PHMSA issued an Advisory Bulletin to operators of both oil and gas pipelines regarding the potential damage to pipeline facilities caused by severe flooding. 78 Fed. Reg. 41991 (July 12, 2013). The Agency has issued several prior Advisory Bulletins on this subject, each of which followed an event that involved severe flooding that affected pipelines. The June 12th Advisory Bulletin references several 2011 pipeline incidents that occurred due to flooding, and stresses the potential impacts of flooding, including additional stresses, loss of support, accumulation of debris, and damage to safety valves, regulators, relief sets and other pipeline facilities that may be covered by water during flooding. Notably, in support of a requirement to respond to flooding impacts, the Agency cites the general duty clauses of 49 C.F.R. Part 195.401(b) for liquid and Part 192.613(a) for gas, that require an operator who discovers a condition that could adversely affect the safe operation of a pipeline to correct that condition within a reasonable time. The Agency also cites requirements to survey pipeline right of way and the integrity management regulations.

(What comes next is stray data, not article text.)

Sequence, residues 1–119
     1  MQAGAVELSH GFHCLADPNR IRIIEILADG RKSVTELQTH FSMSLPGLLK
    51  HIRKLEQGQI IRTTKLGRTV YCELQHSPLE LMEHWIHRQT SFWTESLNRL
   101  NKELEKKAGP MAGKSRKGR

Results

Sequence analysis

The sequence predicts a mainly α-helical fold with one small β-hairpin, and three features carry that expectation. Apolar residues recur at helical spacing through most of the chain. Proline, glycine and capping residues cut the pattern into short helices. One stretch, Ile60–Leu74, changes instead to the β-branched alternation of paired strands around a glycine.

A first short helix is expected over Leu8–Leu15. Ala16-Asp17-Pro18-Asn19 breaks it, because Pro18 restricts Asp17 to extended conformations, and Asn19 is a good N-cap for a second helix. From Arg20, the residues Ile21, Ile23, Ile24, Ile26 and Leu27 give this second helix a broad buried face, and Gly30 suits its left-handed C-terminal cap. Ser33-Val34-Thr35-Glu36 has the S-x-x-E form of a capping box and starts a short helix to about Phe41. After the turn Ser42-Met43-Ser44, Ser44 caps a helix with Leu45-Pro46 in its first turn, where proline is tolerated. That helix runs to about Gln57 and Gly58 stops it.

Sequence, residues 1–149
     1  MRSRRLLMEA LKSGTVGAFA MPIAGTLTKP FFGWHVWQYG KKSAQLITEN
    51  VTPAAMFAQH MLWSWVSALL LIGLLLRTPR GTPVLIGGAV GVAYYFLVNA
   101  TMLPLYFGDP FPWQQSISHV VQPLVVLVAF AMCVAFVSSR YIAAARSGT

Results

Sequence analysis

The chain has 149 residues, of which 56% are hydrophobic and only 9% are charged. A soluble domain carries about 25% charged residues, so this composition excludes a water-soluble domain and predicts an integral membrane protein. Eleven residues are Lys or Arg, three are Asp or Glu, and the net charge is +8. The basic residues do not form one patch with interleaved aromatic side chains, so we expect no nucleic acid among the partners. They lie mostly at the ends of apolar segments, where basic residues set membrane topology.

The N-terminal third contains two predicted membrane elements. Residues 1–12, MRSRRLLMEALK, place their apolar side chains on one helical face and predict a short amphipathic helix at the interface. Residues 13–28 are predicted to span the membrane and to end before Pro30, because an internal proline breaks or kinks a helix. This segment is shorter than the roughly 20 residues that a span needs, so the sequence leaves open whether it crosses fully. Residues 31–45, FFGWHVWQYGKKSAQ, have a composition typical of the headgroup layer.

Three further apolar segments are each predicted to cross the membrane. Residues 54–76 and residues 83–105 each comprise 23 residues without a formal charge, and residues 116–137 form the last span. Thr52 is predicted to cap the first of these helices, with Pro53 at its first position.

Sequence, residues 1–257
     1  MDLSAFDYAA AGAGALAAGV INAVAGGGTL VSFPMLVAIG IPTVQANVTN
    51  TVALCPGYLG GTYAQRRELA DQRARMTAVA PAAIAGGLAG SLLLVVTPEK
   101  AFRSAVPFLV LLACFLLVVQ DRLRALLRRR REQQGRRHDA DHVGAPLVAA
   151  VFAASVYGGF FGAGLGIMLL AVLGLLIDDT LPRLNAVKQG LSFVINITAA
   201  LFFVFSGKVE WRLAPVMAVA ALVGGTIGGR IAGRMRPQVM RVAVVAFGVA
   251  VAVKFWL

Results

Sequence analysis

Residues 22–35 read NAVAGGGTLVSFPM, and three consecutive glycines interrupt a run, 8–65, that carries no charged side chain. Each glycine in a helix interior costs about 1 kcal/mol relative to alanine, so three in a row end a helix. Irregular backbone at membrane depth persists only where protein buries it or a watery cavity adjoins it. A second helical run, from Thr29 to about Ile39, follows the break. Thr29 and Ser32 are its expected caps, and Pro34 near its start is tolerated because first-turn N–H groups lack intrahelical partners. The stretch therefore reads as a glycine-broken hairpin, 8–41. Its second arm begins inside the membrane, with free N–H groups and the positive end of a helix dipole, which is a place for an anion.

The Advisory Bulletin includes nine (9) actions that operators should consider taking to ensure the integrity of pipelines experiencing flood conditions: (1) evaluating the accessibility of pipeline facilities that may be in jeopardy; (2) extending regulator vents and relief stacks above the level of anticipated flooding; (3) coordination with emergency and spill responders on pipeline location and condition and provide maps; (4) coordination with other pipeline operators in the flood area and establish emergency and spill responders on pipeline location and condition and provide maps; (5) coordination with other pipeline operators in the flood area and establishing emergency response centers to act as a liaison for pipeline problems and solutions; (6) deploying personnel so that they will be in position to take emergency actions, determine if facilities that are normally above ground have become submerged and are in danger of being struck by vessels or debris; (7) performing frequent patrols, including overflights; (8) to evaluating right of way conditions at water crossings during flooding and after waters subside; and (9) performing depth of cover surveys. Also related to this Bulletin is the Report submitted to Congress in December 2012, regarding evaluation of pipeline regulations for water crossings.